“All who die in God’s grace and friendship, but still imperfectly purified, are indeed assured of their eternal salvation; but after death they undergo purification, so as to achieve the holiness necessary to enter the joy of heaven.” (Catechism of the Catholic Church, Article 1030)

The Church has always understood that those of us (the vast majority of us) who die before we achieve perfect holiness must undergo some sort of final purification before we are permitted to enter the holiness of heaven. In my experience, Protestants tend to not devote much thought or discussion to what this purification might entail. Catholics, on the other hand, and some other faith practices, have defined the doctrine of Purgatory.

We can thank, for the most part, Dante Alighieri and his Divine Comedy  for the notion that Purgatory is a “place” where saved-but-still-imperfect folks are tested and purged with the holy fires of God (see picture above). The Dogma of the Church does not describe Purgatory as a place, but more of an experience or process. Maybe it is a place. Maybe not.

What the Magisterium (formal doctrines and teachings) of the Church does say is that Purgatory involves some degree of suffering as the dross of our souls is burnt up in the furnace of God’s sin-consuming love. As fellow Christians, those of us still alive may have the privilege of praying for the departed souls who are experiencing this purification, so that their suffering may be to some extent alleviated or minimized. We may also do good deeds that carry with them Indulgences (more on this another time) and offer those indulgences in remediation of the suffering of a departed loved one.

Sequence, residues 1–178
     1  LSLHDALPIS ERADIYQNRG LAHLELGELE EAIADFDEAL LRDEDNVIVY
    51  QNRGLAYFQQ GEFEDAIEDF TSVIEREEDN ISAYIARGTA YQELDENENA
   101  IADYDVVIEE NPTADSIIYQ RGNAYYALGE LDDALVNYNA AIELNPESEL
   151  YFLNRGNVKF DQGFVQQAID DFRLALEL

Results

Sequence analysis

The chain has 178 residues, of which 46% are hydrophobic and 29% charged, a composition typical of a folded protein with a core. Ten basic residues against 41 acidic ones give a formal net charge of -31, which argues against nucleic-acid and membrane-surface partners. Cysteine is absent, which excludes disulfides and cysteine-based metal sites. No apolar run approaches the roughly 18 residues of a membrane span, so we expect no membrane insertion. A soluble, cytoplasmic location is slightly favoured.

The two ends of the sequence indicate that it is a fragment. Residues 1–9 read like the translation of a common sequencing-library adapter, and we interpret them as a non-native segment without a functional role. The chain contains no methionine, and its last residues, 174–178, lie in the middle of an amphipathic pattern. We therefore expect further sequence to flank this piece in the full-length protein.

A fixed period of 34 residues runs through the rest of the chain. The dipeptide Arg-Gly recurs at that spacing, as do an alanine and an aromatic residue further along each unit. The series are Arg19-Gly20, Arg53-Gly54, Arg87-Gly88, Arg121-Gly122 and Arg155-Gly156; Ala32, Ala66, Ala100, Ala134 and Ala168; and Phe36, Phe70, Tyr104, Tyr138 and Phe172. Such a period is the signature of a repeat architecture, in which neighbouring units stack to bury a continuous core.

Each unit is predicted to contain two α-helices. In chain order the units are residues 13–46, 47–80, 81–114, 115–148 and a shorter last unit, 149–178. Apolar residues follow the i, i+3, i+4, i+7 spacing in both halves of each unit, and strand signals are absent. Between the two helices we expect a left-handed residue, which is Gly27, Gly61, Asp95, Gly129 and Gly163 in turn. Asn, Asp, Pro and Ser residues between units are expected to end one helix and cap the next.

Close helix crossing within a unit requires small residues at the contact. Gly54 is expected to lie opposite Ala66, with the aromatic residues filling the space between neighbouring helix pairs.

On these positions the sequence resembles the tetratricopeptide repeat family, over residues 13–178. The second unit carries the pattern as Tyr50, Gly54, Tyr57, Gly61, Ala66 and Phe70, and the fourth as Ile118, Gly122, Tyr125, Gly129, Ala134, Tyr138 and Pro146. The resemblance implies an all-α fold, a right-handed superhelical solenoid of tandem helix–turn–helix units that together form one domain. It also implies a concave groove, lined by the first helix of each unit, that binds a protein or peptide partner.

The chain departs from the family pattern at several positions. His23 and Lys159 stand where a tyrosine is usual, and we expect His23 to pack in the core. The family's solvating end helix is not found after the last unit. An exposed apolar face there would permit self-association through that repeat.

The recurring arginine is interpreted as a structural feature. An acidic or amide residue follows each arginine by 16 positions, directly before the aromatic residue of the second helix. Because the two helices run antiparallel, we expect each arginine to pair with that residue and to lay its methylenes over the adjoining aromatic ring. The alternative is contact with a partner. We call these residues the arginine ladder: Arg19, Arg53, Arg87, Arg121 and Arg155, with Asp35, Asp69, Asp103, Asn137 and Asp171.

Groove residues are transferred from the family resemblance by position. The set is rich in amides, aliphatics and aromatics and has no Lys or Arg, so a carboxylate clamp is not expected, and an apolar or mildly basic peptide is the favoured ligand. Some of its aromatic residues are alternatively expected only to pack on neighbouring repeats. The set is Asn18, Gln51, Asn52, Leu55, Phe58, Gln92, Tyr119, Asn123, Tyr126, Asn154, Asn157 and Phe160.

Most everyone understands that sanctification in this life involves suffering as we crucify our fleshly desires and our self-will and yield our bodies as sacrifices unto Christ. Purgatory is the final culmination of this process of sanctification. Nothing more, nothing less. Think of it as a place if you will. Think of it as a process if you will. Imagine it takes years if that suits you, or imagine it happens in the blink of an eye if you prefer. The Church takes no official stand on the details other than to say purification is essential and, to the extent it is incomplete in this life, must continue after death until it is complete. At that point, the perfectly sanctified individual is prepared to enter into the glory of heaven.

The formal Doctrine of Purgatory was handed down in the late Middle Ages, but it was not an idea that sprang out of nowhere. The Church Fathers and Doctors had taught all along that a final purification of imperfect sinners bound for glory must be necessary. Some cakes take time to bake.